Effect – Effect usually means a result of some kind, as in, The effects of tequila can be unfortunate. A glass of wine, however, can have a calming effect. There are a few more specific uses of this form of the word, but they are usually along the same lines. Think side effects, or special effects. Most of these uses will indicate the outcome of some action, not the action itself. One weird one is the phrase personal effects, meaning one’s belongings. But still. Noun, noun, noun.

Now let’s just say that, in the course of that important Tweet, you don’t have time to Google this again, or you forgot to bookmark this page (for shame!). Grammar Girl has a nice little tool to remember this rule.

Just remember: The arrow affected the aardvark.

Then imagine a cute little aardvark being shot with an arrow and jumping up in the air in shock. If you’re an animal lover, imagine it was a nonfatal wound, maybe a toy arrow or one of those suction cup arrows. Or Cupid, there you go, imagine Cupid shot an aardvark and made him fall in love. The arrow affected the aardvark.

All done. Okay, just to not leave readers in too much suspense, here are those exceptions:

1. The word effect is sometimes used as a verb. This is the one that confuses most people, I imagine. When combined with an object, effect can mean, “to cause” something to happen, or “bring about.” The most common example of this use of the word is that one can effect change. Consider: Voters hope the new president can effect positive change in Washington politics.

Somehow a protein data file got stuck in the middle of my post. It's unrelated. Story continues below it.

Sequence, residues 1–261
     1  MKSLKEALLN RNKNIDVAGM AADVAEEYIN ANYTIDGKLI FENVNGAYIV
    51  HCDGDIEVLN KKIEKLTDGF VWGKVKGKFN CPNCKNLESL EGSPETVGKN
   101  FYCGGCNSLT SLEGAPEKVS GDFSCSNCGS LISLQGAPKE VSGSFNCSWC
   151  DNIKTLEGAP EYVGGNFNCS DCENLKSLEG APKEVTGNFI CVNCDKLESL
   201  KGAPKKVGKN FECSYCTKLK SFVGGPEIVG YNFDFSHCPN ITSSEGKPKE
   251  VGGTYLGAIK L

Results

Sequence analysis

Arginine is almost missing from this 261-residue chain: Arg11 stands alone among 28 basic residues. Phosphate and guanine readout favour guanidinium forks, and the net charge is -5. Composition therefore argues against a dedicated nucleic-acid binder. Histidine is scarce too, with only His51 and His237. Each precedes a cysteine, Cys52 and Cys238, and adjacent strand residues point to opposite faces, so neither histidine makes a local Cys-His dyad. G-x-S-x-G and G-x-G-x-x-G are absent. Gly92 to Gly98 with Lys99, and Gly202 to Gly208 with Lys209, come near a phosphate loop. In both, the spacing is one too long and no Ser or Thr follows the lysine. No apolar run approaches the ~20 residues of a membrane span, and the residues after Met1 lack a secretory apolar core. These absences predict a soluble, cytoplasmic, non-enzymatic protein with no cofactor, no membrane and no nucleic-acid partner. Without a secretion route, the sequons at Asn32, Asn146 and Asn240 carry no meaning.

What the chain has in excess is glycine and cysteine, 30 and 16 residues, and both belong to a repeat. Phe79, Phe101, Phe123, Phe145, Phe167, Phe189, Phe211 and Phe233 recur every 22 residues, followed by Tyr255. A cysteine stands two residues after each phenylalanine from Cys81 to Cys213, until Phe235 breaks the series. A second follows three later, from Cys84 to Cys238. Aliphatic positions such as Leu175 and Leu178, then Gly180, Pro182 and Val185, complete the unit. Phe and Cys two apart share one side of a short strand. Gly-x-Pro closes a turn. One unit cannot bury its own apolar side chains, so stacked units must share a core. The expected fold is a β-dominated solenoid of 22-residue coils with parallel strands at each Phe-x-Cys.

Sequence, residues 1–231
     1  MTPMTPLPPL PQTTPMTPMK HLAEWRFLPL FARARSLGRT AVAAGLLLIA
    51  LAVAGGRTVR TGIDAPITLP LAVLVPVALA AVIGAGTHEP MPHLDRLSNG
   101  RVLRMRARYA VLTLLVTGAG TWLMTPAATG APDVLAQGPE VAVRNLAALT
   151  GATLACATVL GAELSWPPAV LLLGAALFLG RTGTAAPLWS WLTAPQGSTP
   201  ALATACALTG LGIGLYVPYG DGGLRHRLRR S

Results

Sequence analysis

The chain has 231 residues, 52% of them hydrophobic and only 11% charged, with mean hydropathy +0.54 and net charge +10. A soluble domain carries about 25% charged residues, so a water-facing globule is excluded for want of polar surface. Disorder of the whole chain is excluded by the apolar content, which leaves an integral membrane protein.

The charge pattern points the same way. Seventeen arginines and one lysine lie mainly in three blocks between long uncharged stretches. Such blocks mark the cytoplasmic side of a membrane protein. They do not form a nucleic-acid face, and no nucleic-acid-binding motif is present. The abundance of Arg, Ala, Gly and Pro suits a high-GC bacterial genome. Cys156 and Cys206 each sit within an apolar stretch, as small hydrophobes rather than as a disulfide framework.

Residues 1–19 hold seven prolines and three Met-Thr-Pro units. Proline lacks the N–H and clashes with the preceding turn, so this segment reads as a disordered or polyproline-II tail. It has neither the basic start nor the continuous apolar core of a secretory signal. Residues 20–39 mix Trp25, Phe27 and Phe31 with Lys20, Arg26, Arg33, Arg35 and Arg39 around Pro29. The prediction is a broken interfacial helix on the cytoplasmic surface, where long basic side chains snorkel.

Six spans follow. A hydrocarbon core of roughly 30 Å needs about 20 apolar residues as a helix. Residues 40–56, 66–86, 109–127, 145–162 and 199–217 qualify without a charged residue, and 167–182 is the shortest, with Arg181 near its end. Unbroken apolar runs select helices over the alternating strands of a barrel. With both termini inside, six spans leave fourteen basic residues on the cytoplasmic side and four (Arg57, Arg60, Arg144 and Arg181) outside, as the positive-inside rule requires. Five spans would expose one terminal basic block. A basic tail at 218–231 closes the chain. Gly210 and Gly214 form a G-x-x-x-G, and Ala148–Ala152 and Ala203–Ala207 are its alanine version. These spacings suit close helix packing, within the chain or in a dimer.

I’m just going to go out on a limb here, though, and say that this use is kind of lame. More common usage like bring about, cause or create gets the job done just as well and doesn’t sound like a Poli Sci 101 term paper.

2. The word affect can be used as a noun. This definition of the word is almost exclusively used in academic settings, particularly in psychology or psychiatry. It means a mood or a mental state that someone appears to have. The psychiatrist saw the big smile on the subject’s face and noted a happy affect.

Psychiatrists and social scientists generally know what they’re doing with this use of the word, and for everyone else, it’s just not really an issue.

So now that you know the exceptions, basically cast them aside. It’s great to know the little quirks of these run-of-the-mill words, and loads of fun pointing out the little exceptions and look like a big, jerky smarty-pants. But the chances are overwhelming that they won’t come up in day-to-day conversation or writing.

So remember Grammar Girl’s aardvark. Affect is a verb, effect is a noun.

Sources:
  • http://www.quickanddirtytips.com/education/grammar/affect-versus-effect?page=all
  • http://www.diffen.com/difference/Affect_vs_Effect
  • http://www.dailywritingtips.com/affect-vs-effect/
  • http://blog.oxforddictionaries.com/2011/03/affect-versus-effect/